Silent Night

“Silent Night”
coloured pencils, 32.5 x 29 cm. May 2019

Late on Saturday night there are people partying in Venice.  We walk past a hot-spot where there is a silent disco on the campo.  (Silent? Yes, the dancers are all wearing headphones – a surreal sight.)

We continue on our journey, navigating ourselves deep into the peace of Dorsoduro.

No cars, not even the hum of far-away traffic.  It is a profound silence, broken only by the soft thuds of shoes on stone and perhaps a voice carried on the breeze.

And shortly after this, we find ourselves lost once again.  But we don’t mind.




10 thoughts on “Silent Night

  1. xanderest

    Exquisite drawing , Julie .

    I magnified the image and was amazed at the detail ,especially of the chair legs – such a complicated pattern – and of the fellow’s lit phone . To portray the bright light is an incredible skill of tonal depiction .

    Thanks for sharing – I don’t need to go to Venice !

    Love , Judy .

    1. juliepodstolski Post author

      Judy – I wasn’t looking forward to doing those chairs so I put them off till the very last thing. I practically went cross-eyed trying to differentiate chair legs from paving stones. They were challenging.

  2. Sherry Telle

    I love your stories as much as I love your work. I love your use of colour and only dream of being this proficient with colour. This takes chiaroscuro to a whole new level. This is my new favourite Julie Podstolski!

  3. anna warren portfolio

    I have just visited a Bill Henson exhibition. The power in his work is in the image emerging from the dark, light indicating parts of (in his case) of human figures, or ancient buildings. You have captured the same quality in this drawing, that sense of mystery, but with a warmth that is not evident in his work. I am finding it hard to pinpoint exactly what it is about this drawing I love so much, it could be many things, or just a combination that makes the whole greater than the sum of its parts. On a technical level, your eye is drawn along a wonderful zig zag through the centre of the scene, leading us from crisp fine detail to the soft edged distance. The little figure in the blue coat is very important, adding to the story. Maybe that is what it is, just an invitation to join in the story.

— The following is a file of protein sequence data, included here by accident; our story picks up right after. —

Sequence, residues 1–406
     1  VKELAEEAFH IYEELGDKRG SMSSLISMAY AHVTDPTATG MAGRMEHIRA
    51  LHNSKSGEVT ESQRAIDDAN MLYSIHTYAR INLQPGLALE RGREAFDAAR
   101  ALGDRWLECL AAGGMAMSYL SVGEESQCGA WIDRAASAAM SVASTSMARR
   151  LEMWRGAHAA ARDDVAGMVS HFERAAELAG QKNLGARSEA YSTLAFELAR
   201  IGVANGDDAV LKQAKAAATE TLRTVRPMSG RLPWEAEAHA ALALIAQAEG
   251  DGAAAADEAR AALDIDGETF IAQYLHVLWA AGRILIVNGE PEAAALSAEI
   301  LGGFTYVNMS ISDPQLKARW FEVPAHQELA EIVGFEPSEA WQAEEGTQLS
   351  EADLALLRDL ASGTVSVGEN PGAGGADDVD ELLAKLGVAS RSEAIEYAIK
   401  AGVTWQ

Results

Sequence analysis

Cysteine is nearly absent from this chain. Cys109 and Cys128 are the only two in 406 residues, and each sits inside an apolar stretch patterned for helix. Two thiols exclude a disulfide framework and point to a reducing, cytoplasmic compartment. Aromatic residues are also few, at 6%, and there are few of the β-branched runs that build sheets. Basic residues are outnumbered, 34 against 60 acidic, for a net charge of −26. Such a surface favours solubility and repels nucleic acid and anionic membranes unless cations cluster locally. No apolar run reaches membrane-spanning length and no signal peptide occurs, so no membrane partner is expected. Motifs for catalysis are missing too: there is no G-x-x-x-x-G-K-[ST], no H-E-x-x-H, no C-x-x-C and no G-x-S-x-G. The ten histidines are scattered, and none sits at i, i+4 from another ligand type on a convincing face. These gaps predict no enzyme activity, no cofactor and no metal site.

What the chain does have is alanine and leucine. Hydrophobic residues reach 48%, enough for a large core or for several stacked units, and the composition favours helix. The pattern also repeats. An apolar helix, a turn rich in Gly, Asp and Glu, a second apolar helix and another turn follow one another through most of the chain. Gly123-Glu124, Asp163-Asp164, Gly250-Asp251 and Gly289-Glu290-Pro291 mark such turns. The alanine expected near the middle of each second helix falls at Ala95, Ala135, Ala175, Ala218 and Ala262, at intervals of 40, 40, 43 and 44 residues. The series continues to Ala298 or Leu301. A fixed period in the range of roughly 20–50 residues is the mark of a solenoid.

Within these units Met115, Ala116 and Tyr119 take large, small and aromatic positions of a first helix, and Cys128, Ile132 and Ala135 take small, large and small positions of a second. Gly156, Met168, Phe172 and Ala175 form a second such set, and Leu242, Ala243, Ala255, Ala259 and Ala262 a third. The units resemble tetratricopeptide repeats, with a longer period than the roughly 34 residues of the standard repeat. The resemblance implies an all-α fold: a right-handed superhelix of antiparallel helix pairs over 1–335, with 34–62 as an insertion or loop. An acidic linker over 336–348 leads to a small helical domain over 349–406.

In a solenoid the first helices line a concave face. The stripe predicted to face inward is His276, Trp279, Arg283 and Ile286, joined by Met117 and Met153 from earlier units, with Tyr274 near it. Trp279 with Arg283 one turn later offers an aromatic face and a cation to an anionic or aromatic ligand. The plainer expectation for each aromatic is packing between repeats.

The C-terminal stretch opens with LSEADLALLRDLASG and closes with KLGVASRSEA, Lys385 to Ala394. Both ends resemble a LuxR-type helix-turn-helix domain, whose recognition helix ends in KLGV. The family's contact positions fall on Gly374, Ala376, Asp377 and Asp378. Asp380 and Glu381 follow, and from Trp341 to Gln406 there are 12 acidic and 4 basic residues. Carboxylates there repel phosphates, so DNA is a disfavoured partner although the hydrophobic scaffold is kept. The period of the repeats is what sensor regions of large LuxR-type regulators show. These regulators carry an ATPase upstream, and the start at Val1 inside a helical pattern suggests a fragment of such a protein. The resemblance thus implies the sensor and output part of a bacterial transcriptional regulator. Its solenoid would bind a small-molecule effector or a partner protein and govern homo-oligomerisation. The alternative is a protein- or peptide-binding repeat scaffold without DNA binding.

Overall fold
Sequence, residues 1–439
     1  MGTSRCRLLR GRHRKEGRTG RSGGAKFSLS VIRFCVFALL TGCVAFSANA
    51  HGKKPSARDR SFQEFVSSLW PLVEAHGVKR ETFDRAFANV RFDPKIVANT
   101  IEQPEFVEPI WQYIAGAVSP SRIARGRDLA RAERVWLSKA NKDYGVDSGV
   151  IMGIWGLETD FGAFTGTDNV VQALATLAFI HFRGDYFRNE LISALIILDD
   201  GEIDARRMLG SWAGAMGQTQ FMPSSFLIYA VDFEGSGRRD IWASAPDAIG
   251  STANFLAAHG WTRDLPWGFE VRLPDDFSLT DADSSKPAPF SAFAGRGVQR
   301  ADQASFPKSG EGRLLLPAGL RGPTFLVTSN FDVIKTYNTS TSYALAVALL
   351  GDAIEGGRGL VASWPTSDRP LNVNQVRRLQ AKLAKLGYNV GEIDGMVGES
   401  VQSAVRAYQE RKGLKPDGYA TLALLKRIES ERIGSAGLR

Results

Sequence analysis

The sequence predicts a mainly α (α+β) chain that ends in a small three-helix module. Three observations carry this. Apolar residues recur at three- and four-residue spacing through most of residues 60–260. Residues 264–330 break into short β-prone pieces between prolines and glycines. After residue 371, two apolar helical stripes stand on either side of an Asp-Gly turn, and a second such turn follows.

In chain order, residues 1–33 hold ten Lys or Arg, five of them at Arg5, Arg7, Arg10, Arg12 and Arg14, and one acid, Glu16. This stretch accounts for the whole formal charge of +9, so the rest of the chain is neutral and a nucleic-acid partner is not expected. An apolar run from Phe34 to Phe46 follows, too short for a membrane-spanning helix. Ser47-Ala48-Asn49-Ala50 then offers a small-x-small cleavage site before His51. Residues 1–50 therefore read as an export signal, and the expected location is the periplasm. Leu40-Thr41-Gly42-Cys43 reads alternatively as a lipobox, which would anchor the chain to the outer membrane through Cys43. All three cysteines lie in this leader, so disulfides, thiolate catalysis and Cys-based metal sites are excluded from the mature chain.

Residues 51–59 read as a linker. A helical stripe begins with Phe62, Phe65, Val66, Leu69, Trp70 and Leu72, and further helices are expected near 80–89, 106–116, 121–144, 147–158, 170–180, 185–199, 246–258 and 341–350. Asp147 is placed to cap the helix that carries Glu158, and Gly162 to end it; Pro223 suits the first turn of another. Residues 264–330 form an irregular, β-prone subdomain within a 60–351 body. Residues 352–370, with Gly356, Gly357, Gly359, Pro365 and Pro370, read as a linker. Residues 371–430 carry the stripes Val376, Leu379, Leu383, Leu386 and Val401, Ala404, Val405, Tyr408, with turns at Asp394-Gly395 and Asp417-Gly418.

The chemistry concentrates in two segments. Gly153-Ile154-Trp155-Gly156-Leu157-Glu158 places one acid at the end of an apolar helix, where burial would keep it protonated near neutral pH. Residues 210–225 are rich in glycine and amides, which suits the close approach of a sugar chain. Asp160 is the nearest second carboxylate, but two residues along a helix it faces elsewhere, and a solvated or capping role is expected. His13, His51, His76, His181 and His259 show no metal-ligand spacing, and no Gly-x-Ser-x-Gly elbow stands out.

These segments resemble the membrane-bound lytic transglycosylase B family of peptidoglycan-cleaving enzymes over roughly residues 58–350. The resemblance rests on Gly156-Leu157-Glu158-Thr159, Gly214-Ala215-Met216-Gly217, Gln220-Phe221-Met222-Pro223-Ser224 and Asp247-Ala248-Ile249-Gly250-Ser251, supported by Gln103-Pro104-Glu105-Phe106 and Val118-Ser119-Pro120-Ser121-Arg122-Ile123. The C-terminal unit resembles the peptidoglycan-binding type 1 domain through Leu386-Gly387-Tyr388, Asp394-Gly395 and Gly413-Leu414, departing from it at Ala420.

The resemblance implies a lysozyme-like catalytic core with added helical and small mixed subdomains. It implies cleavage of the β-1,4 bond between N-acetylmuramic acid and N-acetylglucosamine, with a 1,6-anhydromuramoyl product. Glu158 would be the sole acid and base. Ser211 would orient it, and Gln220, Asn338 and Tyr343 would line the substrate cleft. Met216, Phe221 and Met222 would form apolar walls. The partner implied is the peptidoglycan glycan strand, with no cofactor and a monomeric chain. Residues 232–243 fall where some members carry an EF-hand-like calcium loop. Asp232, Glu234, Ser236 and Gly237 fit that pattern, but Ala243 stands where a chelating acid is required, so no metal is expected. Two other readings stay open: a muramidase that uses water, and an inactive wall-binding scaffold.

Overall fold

1. juliepodstolski Post author

      Anna – hi again. Yes, isn’t that blue figure essential, as is the guy with the phone. He simply swooshed into my shot as I was taking it – photo-bombing the composition. Both of the figures were absolutely perfectly placed. I admit I took several photos (as I usually take a few at once). However this one with the two figures was THE one. Can you see two more tiny figures crossing one of the bridges? There were a couple more people chatting on the far left of the source photo but I cropped them right out of it as less is more.
      As I said to a comment on FB, older people like me walk around with maps while younger people navigate on their phones.

  4. Robyn Varpins

    the composition leads you into the picture in a very satisfying way. very warm and comforting. and beautiful of course.

  5. Tomasz Rusinowicz

    Dear Julie,
    Thank you very much for A Retrospective of Colored Pencil Artworks. When I looked at your works, I have seen a young girl with pencils. A half year ago I helped to organize the Bogumil Podstolski’s exhibition. You can see some of his works in Google. Max’s sons were very close with his family.
    All the best,

    1. juliepodstolski Post author

      Hello Tomek, I was very happy to send you and Michael a book each. I remember both of you being at our Grandparents’ apartment when I was 11 years old and drawing with coloured pencils. It is a strong memory. Michael’s book is waiting for him in Canada. I have not seen the book myself yet as it is still en route to Australia.
      As for Max’s sons, his younger son, Kazimir, is in Perth right now. He is working here for a while. In fact I collected him and his partner from the airport yesterday.
      Love to you from Julie


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